Talking Point
The fat and fit myth

Research from the University of Birmingham has busted the myth that you can be fat and fit, meaning that it’s more important than ever to help people achieve and maintain a healthy weight. Kath Hudson explores what the findings mean for gym operators

By Kath Hudson | Published in Health Club Management 2017 issue 7


People who are obese, but have no initial signs of heart disease, diabetes or high cholesterol are not protected from ill health later in life, according to the latest research.

Led by Dr Rishiraj Caleyachetty, the study analysed GP records of 3.5m metabolically healthy obese people in the UK, between 1995 and 2015. It tracked people who were obese at the start of the study – with a BMI of 30 or more – but who had no evidence of high blood pressure, high cholesterol or diabetes.

Compared to normal weight people, the researchers found that obese people, with no metabolic abnormalities, had a 50 per cent higher risk of coronary heart disease, a 7 per cent increased risk of cerebrovascular disease and a doubled risk of heart failure. The research also found that the risk of cardiovascular disease events in obese individuals grew with the increased number of metabolic abnormalities present.

Obesity is a complex issue, which involves planners, employers and the food industry, as well as the NHS and the health and fitness sector, but what more can operators do to reach out to those who are obese, and make sure that the people who join clubs understand the importance of maintaining a healthy weight? We ask the experts…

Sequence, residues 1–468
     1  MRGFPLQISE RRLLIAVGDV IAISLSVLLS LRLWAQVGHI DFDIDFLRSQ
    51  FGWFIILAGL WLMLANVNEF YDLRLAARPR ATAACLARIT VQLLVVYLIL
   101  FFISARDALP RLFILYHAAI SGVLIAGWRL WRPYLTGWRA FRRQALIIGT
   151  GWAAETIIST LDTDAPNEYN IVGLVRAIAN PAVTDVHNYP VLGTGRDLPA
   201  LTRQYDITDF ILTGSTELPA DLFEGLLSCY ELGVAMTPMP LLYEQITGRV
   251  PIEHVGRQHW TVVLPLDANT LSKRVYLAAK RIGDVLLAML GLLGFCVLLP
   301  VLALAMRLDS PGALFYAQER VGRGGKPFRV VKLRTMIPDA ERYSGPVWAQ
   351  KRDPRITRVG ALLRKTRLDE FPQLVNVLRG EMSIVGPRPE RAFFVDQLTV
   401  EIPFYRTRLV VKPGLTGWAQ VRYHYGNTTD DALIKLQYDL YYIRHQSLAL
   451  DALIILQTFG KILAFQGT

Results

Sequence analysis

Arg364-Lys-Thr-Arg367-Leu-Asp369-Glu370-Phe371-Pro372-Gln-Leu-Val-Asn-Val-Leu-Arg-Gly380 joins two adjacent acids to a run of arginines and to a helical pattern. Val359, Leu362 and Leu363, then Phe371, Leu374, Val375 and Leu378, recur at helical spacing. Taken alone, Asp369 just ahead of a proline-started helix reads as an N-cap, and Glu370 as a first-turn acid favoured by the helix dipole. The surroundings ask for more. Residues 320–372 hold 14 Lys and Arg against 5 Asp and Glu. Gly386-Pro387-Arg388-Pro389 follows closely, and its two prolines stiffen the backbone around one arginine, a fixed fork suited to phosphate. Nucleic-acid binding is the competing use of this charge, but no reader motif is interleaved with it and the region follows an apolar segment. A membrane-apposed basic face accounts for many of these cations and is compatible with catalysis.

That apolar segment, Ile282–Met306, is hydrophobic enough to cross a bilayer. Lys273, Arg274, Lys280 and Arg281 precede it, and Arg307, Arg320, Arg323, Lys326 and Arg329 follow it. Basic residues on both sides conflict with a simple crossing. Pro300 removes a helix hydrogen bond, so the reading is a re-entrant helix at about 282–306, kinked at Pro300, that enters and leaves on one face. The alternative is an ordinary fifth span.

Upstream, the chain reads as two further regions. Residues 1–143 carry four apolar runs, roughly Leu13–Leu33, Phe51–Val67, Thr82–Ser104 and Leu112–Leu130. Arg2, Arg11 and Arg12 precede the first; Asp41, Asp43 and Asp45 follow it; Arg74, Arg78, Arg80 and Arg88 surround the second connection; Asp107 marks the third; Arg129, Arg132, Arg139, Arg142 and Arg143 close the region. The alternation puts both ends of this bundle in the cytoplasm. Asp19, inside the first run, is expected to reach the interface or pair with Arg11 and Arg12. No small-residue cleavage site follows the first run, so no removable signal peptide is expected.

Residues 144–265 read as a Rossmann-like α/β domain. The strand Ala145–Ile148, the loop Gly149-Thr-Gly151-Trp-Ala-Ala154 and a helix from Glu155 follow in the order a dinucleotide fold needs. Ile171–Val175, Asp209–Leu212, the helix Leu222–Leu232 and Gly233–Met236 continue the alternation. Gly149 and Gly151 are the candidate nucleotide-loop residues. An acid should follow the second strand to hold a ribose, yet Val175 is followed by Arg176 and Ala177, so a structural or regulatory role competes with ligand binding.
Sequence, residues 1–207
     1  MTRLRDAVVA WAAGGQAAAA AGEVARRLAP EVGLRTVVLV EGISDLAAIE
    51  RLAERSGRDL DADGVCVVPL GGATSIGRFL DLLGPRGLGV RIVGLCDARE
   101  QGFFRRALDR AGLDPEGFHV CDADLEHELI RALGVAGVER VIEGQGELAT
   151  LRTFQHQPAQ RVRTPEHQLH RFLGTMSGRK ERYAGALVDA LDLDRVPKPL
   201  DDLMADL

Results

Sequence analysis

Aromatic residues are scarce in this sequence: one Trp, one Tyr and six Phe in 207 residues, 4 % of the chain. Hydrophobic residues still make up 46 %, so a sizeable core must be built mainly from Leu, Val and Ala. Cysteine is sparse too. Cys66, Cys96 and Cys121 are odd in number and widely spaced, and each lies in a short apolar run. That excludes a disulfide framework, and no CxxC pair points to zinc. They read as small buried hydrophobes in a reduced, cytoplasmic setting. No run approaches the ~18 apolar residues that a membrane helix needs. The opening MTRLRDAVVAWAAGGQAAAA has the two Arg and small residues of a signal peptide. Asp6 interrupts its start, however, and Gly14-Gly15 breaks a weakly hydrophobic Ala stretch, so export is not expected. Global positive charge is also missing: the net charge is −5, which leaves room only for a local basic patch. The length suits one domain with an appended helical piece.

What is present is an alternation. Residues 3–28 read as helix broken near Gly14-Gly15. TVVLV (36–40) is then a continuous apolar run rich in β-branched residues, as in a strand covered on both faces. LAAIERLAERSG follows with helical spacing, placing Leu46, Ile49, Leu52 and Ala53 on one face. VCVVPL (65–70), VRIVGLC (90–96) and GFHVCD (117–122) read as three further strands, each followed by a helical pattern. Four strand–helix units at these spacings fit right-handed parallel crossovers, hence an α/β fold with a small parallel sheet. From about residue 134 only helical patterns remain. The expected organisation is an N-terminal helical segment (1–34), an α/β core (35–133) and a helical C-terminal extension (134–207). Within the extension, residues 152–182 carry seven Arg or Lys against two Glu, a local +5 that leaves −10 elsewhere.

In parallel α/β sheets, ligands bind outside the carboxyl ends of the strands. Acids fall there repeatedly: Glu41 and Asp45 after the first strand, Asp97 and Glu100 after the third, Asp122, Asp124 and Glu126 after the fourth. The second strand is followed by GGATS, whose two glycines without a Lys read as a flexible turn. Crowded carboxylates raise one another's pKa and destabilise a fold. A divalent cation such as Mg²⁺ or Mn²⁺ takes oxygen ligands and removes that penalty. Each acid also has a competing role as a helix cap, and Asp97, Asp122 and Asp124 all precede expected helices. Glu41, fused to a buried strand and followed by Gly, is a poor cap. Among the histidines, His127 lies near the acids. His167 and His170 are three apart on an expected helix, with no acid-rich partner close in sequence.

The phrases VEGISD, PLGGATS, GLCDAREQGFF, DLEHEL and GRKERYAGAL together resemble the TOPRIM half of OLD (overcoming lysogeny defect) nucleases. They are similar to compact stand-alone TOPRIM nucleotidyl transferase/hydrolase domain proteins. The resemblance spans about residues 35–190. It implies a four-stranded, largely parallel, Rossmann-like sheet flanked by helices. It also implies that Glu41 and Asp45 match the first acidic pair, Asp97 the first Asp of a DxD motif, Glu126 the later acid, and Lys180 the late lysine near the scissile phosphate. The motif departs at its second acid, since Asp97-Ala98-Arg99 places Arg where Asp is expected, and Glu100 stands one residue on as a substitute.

Dr Rishiraj Caleyachetty Epidemiologist & Lead Study Author University of Birmingham Institute of Applied Health Research

 

Dr Rishiraj Caleyachetty
 

These findings were no surprise, as previous studies had suggested similar, but our research is more conclusive.

Our preliminary findings were presented at the European Congress on Obesity in May and the full research paper is currently under review. When published it will present all the caveats and nuances of our work and some of our suggestions.

Fitness industry professionals should support people to achieve and maintain their optimum weight, which includes helping those who are obese to adopt and maintain more healthy behaviours.

The lose weight message needs to be framed so as not to offend people, and to encourage them to adopt healthy behaviours and to support them.

However, it’s important to not give simplified advice: we need to remember obesity is a complicated issue, which results from a complex interaction between diet, physical activity and the wider social and physical environments.

Trials have shown exercise in adults with obesity can reduce body weight, when combined with maintaining a healthy diet – increased fish, fruits and vegetables and fibre, combined with a reduction in the intake of sugar.

Obesity is partly individual responsibility, but the context also needs to be addressed. It’s encouraging that the government is planning a sugar tax, as levels are too high in things like soft drinks.